A thirty- gallon fish aquarium is the centerpiece of our new apartment. A goldfish named Brooklyn rules the crystal waters, but shares space with two Chinese algae eaters that constantly vacuum the interior of the glass with rubbery lips.
Brooklyn is six years old. He is of the comet breed of goldfish. He has a translucent tail. He managed to survive the journey from New York. He swam across the Hudson River inside a plastic zip-lock freezer tucked inside a garbage pail. During the journey the bucket was placed beside our two cats; a tabby that was locked inside a pet taxi, and a British long-hair that was shoved inside a dark cardboard box. Our entire life was packed neatly inside a small white van. We made our way to our new home during the evening rush hour, creeping through the Holland Tunnel like a turtle, and praying our driver would not hit any potholes.
We placed our fish on the kitchen counter, dumping them from the zip lock bags into the plastic bucket. We used an old aquarium oxygen pump taken from our first five- gallon tank to put oxygen into the water of the bucket. This offered a temporary, cozy and safe haven to the creatures that had grown from tiny, pinky-nail sized minnows to near edible masses.
The fish remained on the kitchen counter for several weeks. A bubbling and constant humming from the cheap pump nearly drove us mad. It took weeks for my boyfriend to fill up the large tank. He wanted to find a nice table to set the tank on, despite my plea to simply place it on the wooden floor. I found a square, wooden table on trash day. Apparently the glass of the heavy, oak table had broken and the former owner simply decided to throw it away. It was the perfect size for our tank, even though the tank is longer than the width of the table. When first entering the apartment before turning on the light, the tank appears to be suspended mid-air. The fluorescent light of the tank is refracted like moon light within the crystal clear water and our tank is absolutely stunning.
It was only after I took note of Brooklyn doing a dead man’s float in the stagnant, murky, waters of his temporary home, that we finally decided to get the big tank up and running. With no money to buy a table, I ran frantically though the streets of Union City in search of a solution. My lover was so impressed with the table I found.
Brooklyn gasped for his life after we dumped all three fish into the cold fresh tank water. The Chinese algae eaters did not seem affected by the weeks spent inside a dark bucket with no currents. I was tempted to reach into the tank and grab Brooklyn with my hand, to squeeze him gently, offering a type of aquatic resuscitation, but decided to simply let him harden.
After three hours, Brooklyn miraculously flipped over and started swimming happily around a stone replica of the Roman Colosseum that I purchased for nearly $100 on Christmas Eve, 2004.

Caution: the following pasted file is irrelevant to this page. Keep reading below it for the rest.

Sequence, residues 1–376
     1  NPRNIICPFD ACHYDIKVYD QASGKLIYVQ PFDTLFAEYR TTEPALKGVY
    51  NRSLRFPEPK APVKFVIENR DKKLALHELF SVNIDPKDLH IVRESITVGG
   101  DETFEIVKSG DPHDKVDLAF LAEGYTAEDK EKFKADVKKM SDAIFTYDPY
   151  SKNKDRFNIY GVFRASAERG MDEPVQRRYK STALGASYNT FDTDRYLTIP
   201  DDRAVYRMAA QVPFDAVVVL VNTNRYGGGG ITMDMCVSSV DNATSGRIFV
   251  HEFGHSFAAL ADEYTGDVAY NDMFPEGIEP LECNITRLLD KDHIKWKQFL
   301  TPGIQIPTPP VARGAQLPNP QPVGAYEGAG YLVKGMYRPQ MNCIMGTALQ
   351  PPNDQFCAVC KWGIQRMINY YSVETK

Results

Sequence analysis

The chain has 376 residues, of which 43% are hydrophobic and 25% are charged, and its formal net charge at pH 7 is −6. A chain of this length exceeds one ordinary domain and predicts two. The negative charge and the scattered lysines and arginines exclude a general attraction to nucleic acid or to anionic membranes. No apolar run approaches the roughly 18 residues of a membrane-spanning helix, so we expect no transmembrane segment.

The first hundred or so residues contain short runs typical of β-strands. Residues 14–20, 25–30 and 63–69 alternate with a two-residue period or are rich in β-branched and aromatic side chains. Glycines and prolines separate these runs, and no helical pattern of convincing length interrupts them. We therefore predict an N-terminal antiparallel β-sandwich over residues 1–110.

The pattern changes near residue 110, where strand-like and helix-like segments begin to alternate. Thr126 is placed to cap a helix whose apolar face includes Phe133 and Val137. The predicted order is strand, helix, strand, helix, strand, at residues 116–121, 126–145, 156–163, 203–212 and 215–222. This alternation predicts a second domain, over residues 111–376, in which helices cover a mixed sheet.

Suffering extreme guilt for neglecting a fish that we had cared for, for so many years, I decided to purchase a black comet goldfish with a tissue-like tail to offer company to Brooklyn. The tiny black fish, less than one-tenth the size of Brooklyn, started nibbling upon the flashy golden tail fin of the comet, causing a look of despair to shine in Brooklyn’s black bubble eyes. Immediately we flushed our new black goldfish down the toilet, not wanting to bring any further harm to the creature that seemed so determined to remain part of our lives and the focal point of the ambiance in our new apartment.
There is so much dust in the air of New Jersey, in particular, here in West Hoboken. The filter of the tank quickly fills with green slime, requiring constant changing of a charcoal bag, and an intense scrubbing of the filtering contraption. Undertaking this chore bright and early this morning, before having my first cup of coffee, caused me to accidentally fracture the plastic tube that pulls water from the tank and offers a constant flow of water through the somewhat complex filtration system. As I examined the damage I had done to the plastic, my heavy hand broke the duct in two separate pieces.
Times are tough in Jersey. Finding $3 extra dollars for a new charcoal filter was already a stretch, causing me to debate on whether I should simply make a seafood bisque from Brooklyn and use the tank as a fancy lighting fixture. The filter on our tank costs nearly $50 to replace, and I’m already forced to drink Budweiser in order to buy fish flakes.
I found two dollars in quarters on my dresser and ran to the corner deli where I purchased a tube of crazy glue. I laughed at a man hanging from a steel beam by a construction helmet on the packaging of the crazy-glue. Surely crazy glue is waterproof, thought I.
There is more than one way to skin a cat I said to Brooklyn as he came to the surface near the fresh flowing stream of filtered water. Unlike in our old apartment, the cats can no longer climb atop the tank and threaten the poor little fish. He seems so happy with that little black goldfish gone. I carefully adjusted the tube into place. He seemed totally unaware that a hurricane is headed for West Hoboken today. Perhaps by Sunday, we will all be stuck atop a kitchen counter here in Hoboken.